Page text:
I read an article published in the Wall Street Journal® titled “The Difficult, Delicate Untangling of Our Parents’ Lives.” The author and his wife were in their 50s and dealing with the challenges of parents too incapacitated to handle their own affairs.
Significantly, the frustration was not that their parents needed help. Most children would consider such help to be an opportunity to repay the sacrifices made by their parents. (However, parents who plan to rely on their children should not underestimate how significant this burden may be).
The article explained how difficult it can be to help parents, especially with the maze of their parents’ financial estate. The author stated it was much like being dropped into someone’s living room and told “Here you go, you’re running the house now.”
It is unlikely we, or our parents, will be immune from the complications of life. For some, that will include caring for a chronically ill or incapacitated parent. At the very least, it may mean handling their financial affairs.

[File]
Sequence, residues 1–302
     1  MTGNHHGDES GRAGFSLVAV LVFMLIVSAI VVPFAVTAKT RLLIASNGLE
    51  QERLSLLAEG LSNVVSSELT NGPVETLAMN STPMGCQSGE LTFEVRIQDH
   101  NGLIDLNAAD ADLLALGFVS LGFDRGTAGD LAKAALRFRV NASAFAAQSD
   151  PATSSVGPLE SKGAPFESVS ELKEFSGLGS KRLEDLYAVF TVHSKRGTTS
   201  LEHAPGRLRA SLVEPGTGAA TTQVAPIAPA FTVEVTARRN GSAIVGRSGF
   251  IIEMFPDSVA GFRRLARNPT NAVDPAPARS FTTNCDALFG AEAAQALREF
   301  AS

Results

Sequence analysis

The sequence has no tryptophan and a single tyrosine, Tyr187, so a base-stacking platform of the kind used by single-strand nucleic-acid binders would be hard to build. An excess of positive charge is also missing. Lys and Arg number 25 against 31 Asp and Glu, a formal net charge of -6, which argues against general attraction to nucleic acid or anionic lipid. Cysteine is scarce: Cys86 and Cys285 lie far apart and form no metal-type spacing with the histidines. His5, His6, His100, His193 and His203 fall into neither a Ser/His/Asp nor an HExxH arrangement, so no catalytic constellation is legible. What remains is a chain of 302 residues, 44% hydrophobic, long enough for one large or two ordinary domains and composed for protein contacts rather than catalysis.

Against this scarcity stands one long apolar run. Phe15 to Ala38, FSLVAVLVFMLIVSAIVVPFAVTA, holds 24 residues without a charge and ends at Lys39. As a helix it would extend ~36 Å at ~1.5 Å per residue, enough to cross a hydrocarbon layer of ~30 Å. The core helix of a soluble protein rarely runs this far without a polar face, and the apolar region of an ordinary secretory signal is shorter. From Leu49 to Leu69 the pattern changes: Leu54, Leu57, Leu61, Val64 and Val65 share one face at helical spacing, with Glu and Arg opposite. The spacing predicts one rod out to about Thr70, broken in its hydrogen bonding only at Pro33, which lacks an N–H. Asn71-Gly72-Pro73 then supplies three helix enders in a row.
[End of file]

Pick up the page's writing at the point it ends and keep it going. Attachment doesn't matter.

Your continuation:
So, what can be done? As this article points out, parents should at least have a “Power of Attorney” in place to give a trusted child (or other person) the ability to handle affairs and talk with the right people when/if that need arises. (Interestingly, the author noted their regret in first attempting to use a form downloaded from the Internet.) In some situations, a trust may be an even safer way to protect a parent’s assets.
Also, the author encouraged children to utilize a “team,” specifically those professionals who can help untangle what may appear to the children to be a quagmire of confusion.
I would add a third point. Parents and children must communicate. Parents need not share financial details. However, names of financial institutions, professional contacts, and priorities should be shared. If the need should arise for children to step in, the children will already have an important reference point.